What is Retinol?

And why you should add it to your skincare routine.


What Is Retinol?


Meet retinol — the anti-aging skincare icon.  I’m sure you've heard of retinol before, but what does it do?  And why is it hiding in your skincare?  Lucky for you, you're in just the right place.  Today, we will dive deep into anything and everything retinol.  Ready?  Let’s go!

What is Retinol?

Retinol is a synthetic form of vitamin A.  Vitamin A helps prompt and aid the body in cell division, growth, reproduction, and immunity — all of which are vital for healthy skin.  Vitamin A is also a natural antioxidant and can even help prevent sun damage!  A lack of vitamin A can lead to inflamed skin and poor cell turnover which often results in acne and breakouts.  This is why finding the right dose of retinol for your skin is so important!

What Does Retinol Do?

Did you know that your skin’s natural collagen production starts to decline in your 30s? Bummer, right?  Retinol works on the basal layer of the epidermis and speeds up the cell turnover process by assisting the cells to die quickly.  This allows new cells to be generated and more collagen to be produced.  Retinol also helps slow down the aging process by reducing the appearance of fine lines, rough patches, wrinkles, and dark spots.  

Should I Be Using Retinol?

Yes! Of course, you should be using retinol! The best time to fight against aging is before the signs of aging show up.  Being one step ahead will help keep your skin supple and smooth for years to come.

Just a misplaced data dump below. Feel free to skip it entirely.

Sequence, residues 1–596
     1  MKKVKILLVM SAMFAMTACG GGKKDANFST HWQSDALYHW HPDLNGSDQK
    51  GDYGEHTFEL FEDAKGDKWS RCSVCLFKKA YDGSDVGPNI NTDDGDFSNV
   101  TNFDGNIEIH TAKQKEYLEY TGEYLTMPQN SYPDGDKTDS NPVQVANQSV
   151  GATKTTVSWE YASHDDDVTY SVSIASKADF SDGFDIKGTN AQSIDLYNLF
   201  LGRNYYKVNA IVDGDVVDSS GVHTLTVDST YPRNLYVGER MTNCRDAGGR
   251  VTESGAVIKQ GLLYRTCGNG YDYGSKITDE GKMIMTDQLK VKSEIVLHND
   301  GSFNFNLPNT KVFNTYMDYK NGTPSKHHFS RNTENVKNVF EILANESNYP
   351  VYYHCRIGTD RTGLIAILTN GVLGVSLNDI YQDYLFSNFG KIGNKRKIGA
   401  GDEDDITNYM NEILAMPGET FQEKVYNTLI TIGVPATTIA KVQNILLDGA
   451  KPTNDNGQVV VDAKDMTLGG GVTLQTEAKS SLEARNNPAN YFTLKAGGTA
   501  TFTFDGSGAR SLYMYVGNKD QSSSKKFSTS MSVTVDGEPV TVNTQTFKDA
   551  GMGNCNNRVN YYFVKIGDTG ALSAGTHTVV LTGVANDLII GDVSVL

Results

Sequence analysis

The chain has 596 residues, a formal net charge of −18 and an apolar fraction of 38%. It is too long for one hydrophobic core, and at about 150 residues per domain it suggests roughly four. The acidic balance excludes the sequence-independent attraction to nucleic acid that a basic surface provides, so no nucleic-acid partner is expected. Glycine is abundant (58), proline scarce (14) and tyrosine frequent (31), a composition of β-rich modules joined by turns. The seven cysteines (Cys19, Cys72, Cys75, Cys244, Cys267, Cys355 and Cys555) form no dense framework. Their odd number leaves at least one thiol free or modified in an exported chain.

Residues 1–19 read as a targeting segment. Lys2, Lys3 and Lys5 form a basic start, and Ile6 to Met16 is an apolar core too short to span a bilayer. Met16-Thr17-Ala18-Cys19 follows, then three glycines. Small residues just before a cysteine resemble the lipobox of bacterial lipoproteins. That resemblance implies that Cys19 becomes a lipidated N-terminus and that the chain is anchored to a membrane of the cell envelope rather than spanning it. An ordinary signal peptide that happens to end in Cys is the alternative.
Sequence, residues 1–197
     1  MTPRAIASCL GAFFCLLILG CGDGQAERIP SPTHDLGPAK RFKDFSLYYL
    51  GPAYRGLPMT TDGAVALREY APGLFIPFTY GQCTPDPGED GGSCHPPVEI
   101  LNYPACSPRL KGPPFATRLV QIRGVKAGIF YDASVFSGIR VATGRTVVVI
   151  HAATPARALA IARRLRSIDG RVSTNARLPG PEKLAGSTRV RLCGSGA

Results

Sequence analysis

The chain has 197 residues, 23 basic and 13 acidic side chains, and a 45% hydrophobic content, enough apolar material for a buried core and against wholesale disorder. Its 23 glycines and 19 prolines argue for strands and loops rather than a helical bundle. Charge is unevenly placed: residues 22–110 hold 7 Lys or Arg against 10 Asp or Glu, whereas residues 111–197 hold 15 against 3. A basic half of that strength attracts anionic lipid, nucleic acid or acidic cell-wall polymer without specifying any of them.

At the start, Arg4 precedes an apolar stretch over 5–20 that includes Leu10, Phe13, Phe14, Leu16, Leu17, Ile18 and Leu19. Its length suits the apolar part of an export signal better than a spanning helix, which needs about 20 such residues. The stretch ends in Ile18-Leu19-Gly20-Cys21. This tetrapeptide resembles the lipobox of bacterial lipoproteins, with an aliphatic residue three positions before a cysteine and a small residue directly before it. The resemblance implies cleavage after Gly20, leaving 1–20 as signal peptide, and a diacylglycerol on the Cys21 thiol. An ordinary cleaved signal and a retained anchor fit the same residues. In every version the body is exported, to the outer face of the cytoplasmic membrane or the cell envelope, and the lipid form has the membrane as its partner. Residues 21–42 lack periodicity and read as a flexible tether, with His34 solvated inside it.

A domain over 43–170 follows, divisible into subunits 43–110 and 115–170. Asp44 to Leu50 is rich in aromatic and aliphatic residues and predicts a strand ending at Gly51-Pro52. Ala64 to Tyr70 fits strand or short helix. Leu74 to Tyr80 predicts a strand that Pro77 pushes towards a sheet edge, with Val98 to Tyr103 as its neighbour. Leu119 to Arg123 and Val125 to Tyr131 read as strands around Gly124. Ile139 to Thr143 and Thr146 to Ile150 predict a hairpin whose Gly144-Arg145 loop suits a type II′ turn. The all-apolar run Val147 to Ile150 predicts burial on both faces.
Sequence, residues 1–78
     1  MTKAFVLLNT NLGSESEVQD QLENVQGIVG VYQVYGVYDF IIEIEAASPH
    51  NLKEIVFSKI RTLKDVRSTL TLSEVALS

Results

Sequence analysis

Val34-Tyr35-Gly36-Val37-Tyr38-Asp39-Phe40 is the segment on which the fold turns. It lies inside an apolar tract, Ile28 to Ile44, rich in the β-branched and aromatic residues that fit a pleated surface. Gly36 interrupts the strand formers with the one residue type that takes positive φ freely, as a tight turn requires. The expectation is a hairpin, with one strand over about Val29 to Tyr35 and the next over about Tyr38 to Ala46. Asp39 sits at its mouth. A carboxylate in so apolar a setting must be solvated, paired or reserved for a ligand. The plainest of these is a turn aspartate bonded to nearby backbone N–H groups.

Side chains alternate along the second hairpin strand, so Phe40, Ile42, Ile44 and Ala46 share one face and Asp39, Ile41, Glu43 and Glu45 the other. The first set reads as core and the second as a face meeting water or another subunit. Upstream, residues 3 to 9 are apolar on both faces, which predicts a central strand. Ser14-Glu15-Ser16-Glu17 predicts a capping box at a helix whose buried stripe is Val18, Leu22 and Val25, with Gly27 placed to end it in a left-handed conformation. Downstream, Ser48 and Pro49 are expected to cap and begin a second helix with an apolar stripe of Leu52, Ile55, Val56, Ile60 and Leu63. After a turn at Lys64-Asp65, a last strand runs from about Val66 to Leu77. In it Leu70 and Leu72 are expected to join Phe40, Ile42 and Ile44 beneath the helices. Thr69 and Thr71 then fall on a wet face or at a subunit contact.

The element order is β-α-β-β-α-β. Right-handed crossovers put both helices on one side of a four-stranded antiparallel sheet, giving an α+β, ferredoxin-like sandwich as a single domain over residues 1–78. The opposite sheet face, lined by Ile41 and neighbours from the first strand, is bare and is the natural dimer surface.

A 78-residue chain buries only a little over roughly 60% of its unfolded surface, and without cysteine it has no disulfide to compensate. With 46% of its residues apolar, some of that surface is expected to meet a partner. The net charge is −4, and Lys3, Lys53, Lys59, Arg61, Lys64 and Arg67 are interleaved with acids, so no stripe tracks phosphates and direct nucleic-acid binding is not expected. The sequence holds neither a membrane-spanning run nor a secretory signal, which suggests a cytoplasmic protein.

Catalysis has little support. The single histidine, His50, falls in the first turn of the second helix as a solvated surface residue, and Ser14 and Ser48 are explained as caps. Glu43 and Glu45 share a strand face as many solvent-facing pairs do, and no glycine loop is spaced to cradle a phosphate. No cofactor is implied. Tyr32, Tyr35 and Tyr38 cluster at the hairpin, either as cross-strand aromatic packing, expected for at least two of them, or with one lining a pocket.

If you've never used retinol, start by slowly incorporating it into your skincare routine.  We recommend 2-3 times a week or every other day for those just starting out.  As your skin adapts, you may increase the frequency.  If you notice any irritation or flaking skin, back off and hydrate with a water-based moisturizer.  

Retinol vs. Retinoids

One of the biggest questions floating around in the world of retinol is how it compares to a retinoid.  In short, retinoids are much stronger than retinol and usually require a prescription in the US.  On the other hand, retinol is an ingredient found in various skincare items and can be picked up over the counter.  

Retinol is the antecedent to retinoids. In the conversion process, our skin turns the retinol into a retinoid.  This is what boosts collagen production and cell turnover.  

Retinoids contain up to 20 times more retinoic acid (a derivative of vitamin A).  In addition to cell turnover, retinoids help thicken the skin and reduce oil production.  This process can be extremely drying to the skin and should only be used if cleared by a dermatologist.

Side Effects

As mentioned, both retinol and retinoids can leave the skin feeling dry and possibly flaky.  This is common in the first 2 to 4 weeks of use while the skin adjusts.  After this period, the skin should learn to tolerate the retinol and the full benefits should kick in.  If you experience an excessive lack of moisture, use less frequently until your skin builds up a tolerance.  

As always, contact your dermatologist if you have any questions or believe a prescription retinoid would be right for your skin!  

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